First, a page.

Despite the grueling nature of his work (unbelievably long hours, no time for a personal life, the knowledge that you hold the lives of mothers and babies in your hands every day, and painfully low salaries), this book is hilarious. Kay writes about his job and the insanity of his day-to-day life with so much humor, as well as so much heart. I loved this book because, although it’s filled with anecdotes about absurd patients and ridiculous scenarios, you never doubt how much Kay cares about his work and his patients. Just to give you a sense of the comedic voice, some quotations include: “Electrolytes are the salts in the blood – mostly sodium, potassium, chloride and calcium. If levels become too high or too low, your body has a way of alerting you, by making your heart stop or putting you in a coma. It’s clever like that”, and a single diary entry that reads “3am attendance at labour ward triage. Patient RO is 25 years old and 30 weeks into her first pregnancy. She complains of a large number of painless spots on her tongue. Diagnosis: taste buds.” I promise that you will laugh out loud while reading this, while simultaneously feeling a lot less self-indulgently miserable about your own job.


  1. Little Fires Everywhere by Celeste Ng

little fires everywhere.jpg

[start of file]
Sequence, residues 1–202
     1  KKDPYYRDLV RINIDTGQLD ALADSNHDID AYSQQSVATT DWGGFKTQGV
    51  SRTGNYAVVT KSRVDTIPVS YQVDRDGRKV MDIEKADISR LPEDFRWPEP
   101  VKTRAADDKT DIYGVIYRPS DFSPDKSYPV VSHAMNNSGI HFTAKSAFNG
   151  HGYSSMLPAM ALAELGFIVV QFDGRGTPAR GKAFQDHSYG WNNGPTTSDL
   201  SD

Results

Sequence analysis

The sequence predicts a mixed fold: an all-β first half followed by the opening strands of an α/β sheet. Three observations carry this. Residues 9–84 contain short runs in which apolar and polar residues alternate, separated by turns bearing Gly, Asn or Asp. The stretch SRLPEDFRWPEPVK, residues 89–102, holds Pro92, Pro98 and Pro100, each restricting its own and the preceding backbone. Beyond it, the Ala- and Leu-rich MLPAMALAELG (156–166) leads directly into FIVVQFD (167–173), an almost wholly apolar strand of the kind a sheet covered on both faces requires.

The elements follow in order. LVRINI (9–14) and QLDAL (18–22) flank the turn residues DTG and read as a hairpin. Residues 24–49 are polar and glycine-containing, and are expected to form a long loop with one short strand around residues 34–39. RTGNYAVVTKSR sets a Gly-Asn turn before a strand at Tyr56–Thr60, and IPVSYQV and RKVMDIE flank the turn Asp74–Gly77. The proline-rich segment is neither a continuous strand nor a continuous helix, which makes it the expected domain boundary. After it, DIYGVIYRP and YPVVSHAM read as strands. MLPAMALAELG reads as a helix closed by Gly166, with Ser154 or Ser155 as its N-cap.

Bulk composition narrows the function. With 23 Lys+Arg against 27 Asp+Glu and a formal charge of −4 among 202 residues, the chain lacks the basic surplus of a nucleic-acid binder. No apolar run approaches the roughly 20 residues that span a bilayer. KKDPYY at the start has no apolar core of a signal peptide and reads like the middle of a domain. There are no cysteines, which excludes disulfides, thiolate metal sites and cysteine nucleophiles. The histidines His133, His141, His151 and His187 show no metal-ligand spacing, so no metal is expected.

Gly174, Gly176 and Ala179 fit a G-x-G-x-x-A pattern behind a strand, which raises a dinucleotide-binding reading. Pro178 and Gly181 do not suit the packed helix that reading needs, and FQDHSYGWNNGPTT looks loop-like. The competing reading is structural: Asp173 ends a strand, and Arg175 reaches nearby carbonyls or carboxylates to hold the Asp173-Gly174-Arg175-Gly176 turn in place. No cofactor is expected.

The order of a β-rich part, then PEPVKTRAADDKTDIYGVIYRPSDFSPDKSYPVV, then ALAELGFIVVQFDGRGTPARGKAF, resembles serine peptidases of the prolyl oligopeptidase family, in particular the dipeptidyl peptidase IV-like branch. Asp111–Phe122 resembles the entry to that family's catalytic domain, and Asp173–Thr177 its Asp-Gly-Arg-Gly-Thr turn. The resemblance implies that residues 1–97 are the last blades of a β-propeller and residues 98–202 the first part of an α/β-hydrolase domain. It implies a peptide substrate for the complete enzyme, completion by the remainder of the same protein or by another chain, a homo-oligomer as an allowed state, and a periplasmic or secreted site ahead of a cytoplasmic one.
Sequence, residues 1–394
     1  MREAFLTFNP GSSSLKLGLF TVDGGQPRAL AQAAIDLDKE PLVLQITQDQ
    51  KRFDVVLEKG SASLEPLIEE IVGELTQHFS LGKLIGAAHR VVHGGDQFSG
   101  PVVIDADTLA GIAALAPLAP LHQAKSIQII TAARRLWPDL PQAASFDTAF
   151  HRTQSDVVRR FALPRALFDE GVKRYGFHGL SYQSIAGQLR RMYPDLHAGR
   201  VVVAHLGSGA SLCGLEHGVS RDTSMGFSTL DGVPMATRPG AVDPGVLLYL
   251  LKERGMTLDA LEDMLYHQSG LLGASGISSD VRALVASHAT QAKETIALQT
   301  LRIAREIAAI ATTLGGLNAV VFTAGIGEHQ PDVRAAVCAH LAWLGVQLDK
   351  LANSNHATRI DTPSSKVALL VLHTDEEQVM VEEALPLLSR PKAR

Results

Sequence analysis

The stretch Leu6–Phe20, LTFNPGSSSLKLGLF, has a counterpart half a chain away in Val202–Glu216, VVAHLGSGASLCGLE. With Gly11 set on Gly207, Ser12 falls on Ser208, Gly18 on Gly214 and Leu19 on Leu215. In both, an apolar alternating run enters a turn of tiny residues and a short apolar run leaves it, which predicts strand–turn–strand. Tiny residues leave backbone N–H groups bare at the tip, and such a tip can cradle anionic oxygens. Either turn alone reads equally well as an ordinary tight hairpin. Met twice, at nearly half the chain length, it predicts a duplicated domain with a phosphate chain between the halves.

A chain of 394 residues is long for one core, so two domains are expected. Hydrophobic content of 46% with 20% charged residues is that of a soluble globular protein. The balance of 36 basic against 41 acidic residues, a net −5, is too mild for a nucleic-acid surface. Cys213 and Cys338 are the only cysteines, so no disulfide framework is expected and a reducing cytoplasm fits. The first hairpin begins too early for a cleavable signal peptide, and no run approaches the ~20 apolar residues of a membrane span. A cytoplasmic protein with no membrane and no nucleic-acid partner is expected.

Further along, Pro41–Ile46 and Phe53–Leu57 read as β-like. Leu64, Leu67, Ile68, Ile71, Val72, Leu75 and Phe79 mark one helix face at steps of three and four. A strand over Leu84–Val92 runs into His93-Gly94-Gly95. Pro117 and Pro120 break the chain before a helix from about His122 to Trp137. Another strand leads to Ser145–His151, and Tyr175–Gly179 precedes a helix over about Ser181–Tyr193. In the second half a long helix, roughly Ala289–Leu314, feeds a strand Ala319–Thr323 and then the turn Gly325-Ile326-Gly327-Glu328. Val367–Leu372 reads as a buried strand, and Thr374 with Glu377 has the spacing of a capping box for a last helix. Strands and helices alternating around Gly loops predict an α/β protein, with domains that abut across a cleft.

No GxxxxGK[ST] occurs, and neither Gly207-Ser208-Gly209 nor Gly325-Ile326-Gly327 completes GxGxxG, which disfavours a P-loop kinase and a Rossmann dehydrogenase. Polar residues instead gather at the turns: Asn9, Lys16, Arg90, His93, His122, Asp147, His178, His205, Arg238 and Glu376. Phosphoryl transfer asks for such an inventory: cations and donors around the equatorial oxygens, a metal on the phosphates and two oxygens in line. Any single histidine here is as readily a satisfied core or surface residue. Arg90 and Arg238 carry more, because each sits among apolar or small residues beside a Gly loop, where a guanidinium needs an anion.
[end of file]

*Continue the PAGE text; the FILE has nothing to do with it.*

This is another book that has made its way around my apartment, as it has around every book club in the Western world. It’s a fast paced, delightfully readable mystery, set in a wealthy suburb of Cleveland. It starts in media res, or really, it starts right at the end with a fire at the home of the protagonist’s family. It then backtracks to explain the events leading up to the fire, which surround the prosperous, American-dreamy Richardson family, and the nomadic Warrens.

Mia Warren and her daughter Pearl move into a small property that they rent from Elena Richardson, the matriarch of the seemingly-perfect Richardson family. Quickly, the Warrens become an object of intrigue with the Richardson children, and the friendships and relationships that form as a result lead to some WILD drama. Everything comes to a head around a local family adopting a Chinese-American baby, leading to a custody battle that finds the Warrens and the Richardson on opposite sides of a fight that divides the town.

This is everything you could hope for in a commuting book: there’s mystery, there’s intrigue, there’s romance, there’s betrayal. Additionally, there’s an interesting discussion of ethical dilemmas that surround adoption, motherhood, and class in America today. For me, this was a book that I couldn’t wait to read every day, and made me look forward to all that time spent on the subway.